Trial be­gins over stand­off in Ne­vada

Case of Cliven Bundy and his sons is about re­spect­ing the rule of law, pros­e­cu­tor says.

Los Angeles Times - - THE NATION - By David Mon­tero david.mon­tero@la­times.com

LAS VE­GAS — Ne­vada rancher Cliven Bundy and his sons re­peat­edly vi­o­lated court or­ders to re­move their cat­tle from pub­lic land while in­cit­ing and es­ca­lat­ing an armed stand­off with gov­ern­ment agents near their Bunkerville ranch more than three years ago, fed­eral pros­e­cu­tors told a jury Tues­day.

Act­ing U.S. Atty. Steven Myhre laid out the gov­ern­ment’s case against Bundy and two of his sons, Am­mon and Ryan, along with co­hort Ryan Payne, dur­ing an open­ing state­ment that lasted about two hours.

The stand­off, which ended when fed­eral of­fi­cials backed down and re­leased Bundy’s cat­tle, helped the 71year-old rancher at­tain folkhero sta­tus in the eyes of those who say the fed­eral gov­ern­ment squelches per­sonal free­dom.

Myhre told ju­rors that the case wasn’t about free speech, le­git­i­mate protest or gun rights. In­stead, he said, ju­rors needed to weigh whether the na­tion would be bet­ter gov­erned by the rule of law or the end of a gun.

Bundy’s at­tor­ney, Bret Whip­ple, said the fed­eral gov­ern­ment was the ag­gres­sor, and that decades-long at­tempts to seize cat­tle and de­mand pay­ments on land Bundy’s fam­ily had used since 1877 caused the stand­off. Whip­ple said the Bundy protest had al­ways been peace­ful.

The stand­off, which drew self-de­scribed mili­tia mem­bers from sev­eral states, grew larger, Whip­ple said, be­cause Amer­i­cans from around the coun­try saw a fam­ily be­ing abused by fed­eral au­thor­i­ties and wanted to come to their aid.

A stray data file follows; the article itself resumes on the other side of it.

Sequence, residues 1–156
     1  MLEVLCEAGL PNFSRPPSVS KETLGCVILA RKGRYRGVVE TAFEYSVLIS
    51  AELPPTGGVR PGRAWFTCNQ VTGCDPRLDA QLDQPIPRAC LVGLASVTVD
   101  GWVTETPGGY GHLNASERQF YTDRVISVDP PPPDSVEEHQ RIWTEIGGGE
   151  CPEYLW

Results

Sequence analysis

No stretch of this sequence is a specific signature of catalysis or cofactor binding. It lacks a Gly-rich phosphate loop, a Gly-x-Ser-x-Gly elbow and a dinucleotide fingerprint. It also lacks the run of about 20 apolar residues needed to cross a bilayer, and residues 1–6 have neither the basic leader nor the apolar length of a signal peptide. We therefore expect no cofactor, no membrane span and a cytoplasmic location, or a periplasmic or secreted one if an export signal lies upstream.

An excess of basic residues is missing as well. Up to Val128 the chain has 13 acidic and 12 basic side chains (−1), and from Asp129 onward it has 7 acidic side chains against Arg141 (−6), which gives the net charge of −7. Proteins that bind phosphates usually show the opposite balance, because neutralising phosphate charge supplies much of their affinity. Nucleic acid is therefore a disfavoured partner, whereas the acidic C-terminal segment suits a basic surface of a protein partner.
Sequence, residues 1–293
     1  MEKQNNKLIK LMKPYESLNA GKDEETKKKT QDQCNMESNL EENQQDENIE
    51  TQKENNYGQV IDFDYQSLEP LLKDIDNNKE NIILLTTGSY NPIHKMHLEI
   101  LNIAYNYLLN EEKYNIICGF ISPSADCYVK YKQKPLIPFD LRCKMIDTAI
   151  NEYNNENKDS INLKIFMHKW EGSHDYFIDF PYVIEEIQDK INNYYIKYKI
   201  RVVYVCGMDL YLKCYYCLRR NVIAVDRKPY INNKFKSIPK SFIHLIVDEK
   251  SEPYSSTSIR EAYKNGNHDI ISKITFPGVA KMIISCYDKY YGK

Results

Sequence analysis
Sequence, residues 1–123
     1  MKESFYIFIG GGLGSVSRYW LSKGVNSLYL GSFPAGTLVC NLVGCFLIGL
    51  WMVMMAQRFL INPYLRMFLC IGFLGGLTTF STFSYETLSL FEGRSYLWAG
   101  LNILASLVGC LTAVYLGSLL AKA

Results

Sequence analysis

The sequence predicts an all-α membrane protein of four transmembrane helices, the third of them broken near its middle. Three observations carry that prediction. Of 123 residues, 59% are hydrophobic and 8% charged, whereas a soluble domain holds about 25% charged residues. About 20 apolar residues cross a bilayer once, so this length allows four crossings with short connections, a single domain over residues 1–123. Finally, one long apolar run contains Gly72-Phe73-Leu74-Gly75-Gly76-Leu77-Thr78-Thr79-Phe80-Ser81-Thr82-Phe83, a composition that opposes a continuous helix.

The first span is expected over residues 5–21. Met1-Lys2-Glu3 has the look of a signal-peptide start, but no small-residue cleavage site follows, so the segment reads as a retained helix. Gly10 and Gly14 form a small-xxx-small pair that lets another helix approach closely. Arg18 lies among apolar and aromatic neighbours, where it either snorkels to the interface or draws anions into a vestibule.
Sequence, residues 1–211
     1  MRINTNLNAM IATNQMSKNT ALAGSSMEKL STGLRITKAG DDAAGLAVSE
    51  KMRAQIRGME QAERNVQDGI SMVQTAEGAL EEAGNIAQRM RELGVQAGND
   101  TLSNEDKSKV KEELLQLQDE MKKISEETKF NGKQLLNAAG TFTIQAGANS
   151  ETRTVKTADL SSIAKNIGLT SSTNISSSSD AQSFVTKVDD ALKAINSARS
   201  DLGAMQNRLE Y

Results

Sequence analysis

“Why were they there?” Whip­ple asked. “Be­cause in Amer­ica, it’s OK to help.”

The high-pro­file case is ex­pected to push into 2018 as pros­e­cu­tors aim to prove the Bundy fam­ily and mili­tia leader Payne tried to stop the gov­ern­ment from seiz­ing cat­tle that were graz­ing on pub­lic land by threat­en­ing a fed­eral of­fi­cer, car­ry­ing and us­ing a firearm, and en­gag­ing in a con­spir­acy.

Cliven Bundy has be­come a revered fig­ure among those who be­lieve the fed­eral gov­ern­ment has over­stepped its au­thor­ity in re­quir­ing graz­ing fees for cat­tle on land con­trolled by the fed­eral Bureau of Land Man­age­ment, and has raised the larger ques­tion of fed­eral con­trol of land in the West.

Myhre me­thod­i­cally took ju­rors through a time­line lead­ing up to the April 12, 2014, stand­off at an over­pass along In­ter­state 15 about 90 miles north of Las Ve­gas.

He said the con­flict be­gan in 1993, when Cliven Bundy de­cided to stop get­ting per­mits and pay­ing graz­ing fees for his cat­tle that had set­tled on fed­eral land.

Whip­ple ar­gued that Bundy had tried to pay the state of Ne­vada the graz­ing fees be­cause he didn’t rec­og­nize BLM sovereignty over graz­ing land, and said the fam­ily held wa­ter rights in the ar­eas where the cat­tle were graz­ing.

The pros­e­cu­tor said Bundy had plenty of op­por­tu­ni­ties to com­ply with court or­ders and his vi­o­la­tion of those law­ful de­mands gave au­thor­i­ties the right to re­move the cat­tle.